• non-penetration - swimming over and around the wreck.
    • limited penetration - going into an overhead environment, subject to a limit of about 40 metres cumulative linear distance to surface (which really just means the depth plus length of penetration).
    • full penetration - going deeper into the overhead environment in the wreck.

    The Maori

    The Maori is located between Hout Bay and Llandudno, in the Cape Peninsula, about 75 metres offshore. The Maori’s history is a fascinating one - the ship was carrying a cargo of explosives, water piping and crockery from London to New Zealand when it crashed into the rocks in thick fog on 5 August 1909. Though the marine life is not as colourful as on other dives, The Maori is renowned for its historical value and divers can expect to see bits of porcelain and bottles still located in this sunken treasure.

     The Paquita

    Knsyna Heads is a magnificent setting for a scuba diving adventure. The Paquita, a German vessel, sank on the eastern side of the Knysna Heads way back in 1903. Divers exploring the Paquita wreck can go as far as 16 metres below the surface. The wreck remains in excellent condition. Its iron plates still glimmer brightly and its anchors are clearly visible, despite sitting at the bottom of the ocean for over a century. Divers can expect to see the famous Knysna seahorses, nudibranchs, blacktails and an assortment of other fish.


    No, we’re not talking about crabs this time. Scuttling is the act of deliberately sinking a ship by allowing water to flow into the hull. This can be achieved in several ways—valves or hatches can be opened to the sea, or holes may be ripped into the hull with force or explosives. Scuttling is often done to provide an artificial reef for divers and marine life.

    Smitswinkel Bay Wrecks

    The wrecks in Smitswinkel Bay off the Cape Peninsula were scuttled by the navy to form artificial reefs, a sort of haven for divers. And what a haven it is!  You will find the SAS Transvaal and SAS Good Hope - former navy frigates, the Rockeater - a diamond dredger, which lies deep (at 36m) and boasts an abundance of life and colour; and two fishing trawlers - The Princess Elizabeth and The Oratava.  Teeming with fish, nudibranch and coral life, the wrecks are fairly deep, which means that artificial light is needed to see the wonderful colours of the marine life.

    The Produce

    The Produce was travelling from Durban, South Africa, headed south when it struck the Aliwal Shoal in 1974. The old cargo vessel was allegedly thought to be carrying molasses. The Produce is 119m long and lies facing North. The vessel is home to a host of Giant Brindle Bass, which are massive fish about 3m long, and 1.5m wide – spotting one of these giants is a treat in itself. This dive is considered to be the crowning jewel of the Aliwal Shoal dive sites on a good day.

     The Klipfontein

    The Klipfontein shipwrecked off the coast of Mozambique in 1953 after hitting a reef off Zavora beach. With a depth of between 34m and 52m, Klipfontein lies about 6km offshore, roughly halfway between the deep offshore reef system and the red and white sands system. In her prime she was 160m long but split in two on her descent into the depths. Both parts of the wreck offer stunning deep water artificial reef dives. It's definitely worth a dive. [caption id="attachment_15959" align="aligncenter" width="550"] Exploring The Klipfontein[/caption]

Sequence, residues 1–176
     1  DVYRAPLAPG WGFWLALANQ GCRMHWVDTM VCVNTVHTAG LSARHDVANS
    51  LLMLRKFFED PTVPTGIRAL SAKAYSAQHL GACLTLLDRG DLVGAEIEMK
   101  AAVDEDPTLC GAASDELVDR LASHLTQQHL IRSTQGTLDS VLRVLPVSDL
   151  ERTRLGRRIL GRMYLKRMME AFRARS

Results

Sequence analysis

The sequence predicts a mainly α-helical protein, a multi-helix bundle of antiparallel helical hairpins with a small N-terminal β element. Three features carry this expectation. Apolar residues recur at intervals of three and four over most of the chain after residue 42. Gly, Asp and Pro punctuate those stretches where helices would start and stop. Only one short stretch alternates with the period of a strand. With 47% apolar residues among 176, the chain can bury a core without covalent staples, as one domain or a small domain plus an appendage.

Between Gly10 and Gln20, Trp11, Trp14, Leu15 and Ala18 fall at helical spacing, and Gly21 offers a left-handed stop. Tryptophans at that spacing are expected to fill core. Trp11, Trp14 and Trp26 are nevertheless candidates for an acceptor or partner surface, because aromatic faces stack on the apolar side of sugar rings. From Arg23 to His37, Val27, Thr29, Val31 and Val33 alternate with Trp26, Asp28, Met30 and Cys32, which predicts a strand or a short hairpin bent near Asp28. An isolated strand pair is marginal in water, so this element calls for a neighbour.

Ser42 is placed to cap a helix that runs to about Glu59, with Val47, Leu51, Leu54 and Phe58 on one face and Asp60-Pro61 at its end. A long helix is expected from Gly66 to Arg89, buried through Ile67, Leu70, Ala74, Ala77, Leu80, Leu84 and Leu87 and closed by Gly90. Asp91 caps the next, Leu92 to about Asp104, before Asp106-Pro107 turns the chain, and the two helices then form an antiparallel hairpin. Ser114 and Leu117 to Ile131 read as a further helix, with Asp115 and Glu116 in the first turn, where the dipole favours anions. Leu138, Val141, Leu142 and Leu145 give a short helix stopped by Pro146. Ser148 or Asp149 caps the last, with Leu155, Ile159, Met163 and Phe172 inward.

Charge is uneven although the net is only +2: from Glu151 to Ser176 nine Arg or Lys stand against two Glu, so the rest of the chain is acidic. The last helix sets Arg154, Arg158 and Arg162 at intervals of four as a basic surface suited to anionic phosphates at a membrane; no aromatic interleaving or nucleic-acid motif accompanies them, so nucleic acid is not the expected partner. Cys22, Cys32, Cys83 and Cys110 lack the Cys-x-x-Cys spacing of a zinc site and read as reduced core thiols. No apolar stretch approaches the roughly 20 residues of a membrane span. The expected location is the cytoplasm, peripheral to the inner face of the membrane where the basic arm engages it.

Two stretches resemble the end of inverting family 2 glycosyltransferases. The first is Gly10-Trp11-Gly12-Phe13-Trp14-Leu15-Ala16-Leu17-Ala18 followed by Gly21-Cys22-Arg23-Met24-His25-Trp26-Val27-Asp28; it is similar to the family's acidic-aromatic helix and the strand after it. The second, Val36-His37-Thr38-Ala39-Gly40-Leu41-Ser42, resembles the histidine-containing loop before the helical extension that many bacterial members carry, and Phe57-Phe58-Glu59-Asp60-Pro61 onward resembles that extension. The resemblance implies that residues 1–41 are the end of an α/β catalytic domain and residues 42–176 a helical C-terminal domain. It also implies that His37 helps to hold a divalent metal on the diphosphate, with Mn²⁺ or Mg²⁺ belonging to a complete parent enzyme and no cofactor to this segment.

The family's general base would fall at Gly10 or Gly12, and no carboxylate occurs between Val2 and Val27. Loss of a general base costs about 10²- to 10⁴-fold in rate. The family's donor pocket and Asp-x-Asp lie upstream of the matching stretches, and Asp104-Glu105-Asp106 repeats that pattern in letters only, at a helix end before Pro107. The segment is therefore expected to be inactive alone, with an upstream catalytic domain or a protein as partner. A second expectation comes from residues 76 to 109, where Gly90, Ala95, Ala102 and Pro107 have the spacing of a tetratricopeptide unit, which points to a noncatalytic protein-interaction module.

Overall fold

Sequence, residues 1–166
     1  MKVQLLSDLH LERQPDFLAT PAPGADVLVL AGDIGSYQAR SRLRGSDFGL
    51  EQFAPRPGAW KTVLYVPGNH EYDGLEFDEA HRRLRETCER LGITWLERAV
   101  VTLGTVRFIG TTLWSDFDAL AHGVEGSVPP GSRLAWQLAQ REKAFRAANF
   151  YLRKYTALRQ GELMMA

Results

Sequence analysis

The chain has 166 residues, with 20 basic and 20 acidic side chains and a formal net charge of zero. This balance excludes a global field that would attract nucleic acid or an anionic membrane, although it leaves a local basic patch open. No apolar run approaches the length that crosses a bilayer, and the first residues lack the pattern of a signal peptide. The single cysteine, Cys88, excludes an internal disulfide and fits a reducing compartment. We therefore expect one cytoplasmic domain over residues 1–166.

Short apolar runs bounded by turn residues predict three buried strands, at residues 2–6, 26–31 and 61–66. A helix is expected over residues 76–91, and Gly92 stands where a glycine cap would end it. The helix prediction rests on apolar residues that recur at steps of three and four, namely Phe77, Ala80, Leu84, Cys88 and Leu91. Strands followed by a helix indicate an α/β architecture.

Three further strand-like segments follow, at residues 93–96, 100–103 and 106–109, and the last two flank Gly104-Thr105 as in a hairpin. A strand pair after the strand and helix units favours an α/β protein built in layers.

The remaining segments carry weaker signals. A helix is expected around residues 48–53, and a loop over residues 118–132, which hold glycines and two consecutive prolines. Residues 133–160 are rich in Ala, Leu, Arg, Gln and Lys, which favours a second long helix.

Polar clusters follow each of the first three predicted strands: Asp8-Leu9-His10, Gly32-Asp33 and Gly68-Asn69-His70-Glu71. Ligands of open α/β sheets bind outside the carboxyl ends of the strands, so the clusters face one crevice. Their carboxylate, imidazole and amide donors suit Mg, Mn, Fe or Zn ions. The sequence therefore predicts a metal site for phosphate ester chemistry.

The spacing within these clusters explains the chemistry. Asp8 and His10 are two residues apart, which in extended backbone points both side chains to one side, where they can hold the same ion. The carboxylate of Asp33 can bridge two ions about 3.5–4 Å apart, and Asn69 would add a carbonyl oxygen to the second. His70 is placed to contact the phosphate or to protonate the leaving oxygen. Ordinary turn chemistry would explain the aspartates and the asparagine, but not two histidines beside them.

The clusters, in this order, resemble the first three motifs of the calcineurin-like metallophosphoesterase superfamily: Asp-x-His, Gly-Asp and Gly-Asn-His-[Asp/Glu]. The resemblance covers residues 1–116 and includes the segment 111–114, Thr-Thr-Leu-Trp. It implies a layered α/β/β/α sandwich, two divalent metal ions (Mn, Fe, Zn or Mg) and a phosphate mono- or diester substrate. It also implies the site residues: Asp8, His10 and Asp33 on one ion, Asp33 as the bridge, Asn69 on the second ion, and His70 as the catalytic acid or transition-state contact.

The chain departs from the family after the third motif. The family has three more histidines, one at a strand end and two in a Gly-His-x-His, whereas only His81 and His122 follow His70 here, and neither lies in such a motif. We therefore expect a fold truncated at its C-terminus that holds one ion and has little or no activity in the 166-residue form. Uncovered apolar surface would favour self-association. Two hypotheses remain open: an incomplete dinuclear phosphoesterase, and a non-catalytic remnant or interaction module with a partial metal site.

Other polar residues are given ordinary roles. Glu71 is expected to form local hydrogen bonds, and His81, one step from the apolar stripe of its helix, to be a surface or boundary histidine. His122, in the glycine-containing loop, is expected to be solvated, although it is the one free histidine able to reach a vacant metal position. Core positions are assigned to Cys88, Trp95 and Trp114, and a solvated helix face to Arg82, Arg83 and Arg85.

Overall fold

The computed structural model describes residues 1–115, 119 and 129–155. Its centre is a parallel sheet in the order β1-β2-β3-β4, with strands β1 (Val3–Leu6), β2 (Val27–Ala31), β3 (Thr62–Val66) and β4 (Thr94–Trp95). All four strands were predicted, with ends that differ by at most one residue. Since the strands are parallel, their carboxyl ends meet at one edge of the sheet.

SS Paraportiani

    The SS Parapotiani is a fascinating dive. The 300 ft-long cargo vessel lies in less than 60 feet of water, off the Panza Reef at the southern tip of Pemba Island, Zanzibar. What makes this dive unique is that fact that the ship's stern is still largely intact and her broken superstructure is now embedded in the sand. This is a shallow dive and perfect for novice divers. The skeleton of this vessel is alive with elegant lionfish, colourful anemone and starfish who have made the reef their home.

    Ennerdale wreck

    Ennerdale Wreck lies off the coast of Mahé - the largest island in the Seychelles.  She went down in 1970 when she struck a pair of uncharted granite pinnacles off Mahé island. This is a tricky dive, but worth the challenge and recommended for more advanced divers. With a maximum depth of around 30m, the site is known for its abundance and variety of tropical fish and marine life, just waiting to be explored.

    Djabeda Wreck

    The Djabeda wreck is a Japanese fishing boat, sunk just off the Coin de Mire (Gunner's coin) Island on the north coast of Mauritius in 1998.  The wreck has been only slightly damaged over the years and debris can be seen strewn across the sandy ocean bed. The vessel is approximately 44m long, 10m high and 5m wide and stands upright in a maximum of 34m depth. As part of the dive you will pass some wreck parts, some of which are kept safe by giant morays. Look out for the huge anchor. On the dive you are likely to see an amazing coral garden rich with soft corals, schooling fish, king fish, moray eels, trigger fish, stone fish, lion fish, parrot fish, leaf fish and sea slugs - and if you're lucky barracuda, sting rays and dolphins.

     Stella Maru

    The Stella Maru is a Japanese trawler that was sunk in 1987 by the Mauritius Conservation society to create an artificial reef.  The Stella Maru wreck lies upright on a sand bottom, next to a rocky reef at an average depth of 23 metres. Unlike many other wrecks, the ship lies virtually intact on the ocean floor, offering divers a remarkable, unrivalled sight as they descend toward it. Other attractions are the giant moray eels and the number of bottom-dwelling creatures lying unseen around the wreck or in cervices and recesses in the coral patches surrounding it.


    For those looking for a nighttime dive, The Mitsio off Madagascar’s Nosy Be coastline is the ideal African wreck dive. Down at 25m, the wreck is home to throngs of lion and devil fire fish, arrow crabs and a dazzling honeycomb moray, hiding on the starboard side. It is a colourful, vibrant dive, as the coral growth on the wreck, which sank in 2008, provides a home to a plethora of species and an exceptional diving event. [caption id="attachment_15963" align="aligncenter" width="499"] Spectacular marine life awaits[/caption]
    Start your underwater safari today! Let Rhino Africa tailor-make your African holiday of a lifetime to suit your budget, needs and style. One of our experienced consultants will give you all the inside information to ensure you get the best experience possible. Get your flippers on and contact us today!